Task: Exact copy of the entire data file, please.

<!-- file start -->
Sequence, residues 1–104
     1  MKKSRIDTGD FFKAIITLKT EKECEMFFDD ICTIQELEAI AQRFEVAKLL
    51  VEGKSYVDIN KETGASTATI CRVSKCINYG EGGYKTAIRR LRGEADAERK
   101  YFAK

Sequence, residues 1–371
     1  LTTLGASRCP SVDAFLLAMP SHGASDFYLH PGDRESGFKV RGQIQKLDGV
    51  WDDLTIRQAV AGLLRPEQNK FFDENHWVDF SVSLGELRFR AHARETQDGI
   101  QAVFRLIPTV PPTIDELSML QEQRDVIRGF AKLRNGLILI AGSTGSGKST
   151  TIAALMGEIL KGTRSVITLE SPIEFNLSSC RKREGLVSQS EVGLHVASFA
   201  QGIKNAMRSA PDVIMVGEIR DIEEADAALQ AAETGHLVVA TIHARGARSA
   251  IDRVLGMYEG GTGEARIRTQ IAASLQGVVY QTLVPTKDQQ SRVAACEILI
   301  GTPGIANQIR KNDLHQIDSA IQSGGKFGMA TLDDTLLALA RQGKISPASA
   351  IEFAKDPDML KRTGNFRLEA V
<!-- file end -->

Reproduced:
Sequence, residues 1–104
     1  MKKSRIDTGD FFKAIITLKT EKECEMFFDD ICTIQELEAI AQRFEVAKLL
    51  VEGKSYVDIN KETGASTATI CRVSKCINYG EGGYKTAIRR LRGEADAERK
   101  YFAK

Sequence, residues 1–371
     1  LTTLGASRCP SVDAFLLAMP SHGASDFYLH PGDRESGFKV RGQIQKLDGV
    51  WDDLTIRQAV AGLLRPEQNK FFDENHWVDF SVSLGELRFR AHARETQDGI
   101  QAVFRLIPTV PPTIDELSML QEQRDVIRGF AKLRNGLILI AGSTGSGKST
   151  TIAALMGEIL KGTRSVITLE SPIEFNLSSC RKREGLVSQS EVGLHVASFA
   201  QGIKNAMRSA PDVIMVGEIR DIEEADAALQ AAETGHLVVA TIHARGARSA
   251  IDRVLGMYEG GTGEARIRTQ IAASLQGVVY QTLVPTKDQQ SRVAACEILI
   301  GTPGIANQIR KNDLHQIDSA IQSGGKFGMA TLDDTLLALA RQGKISPASA
   351  IEFAKDPDML KRTGNFRLEA V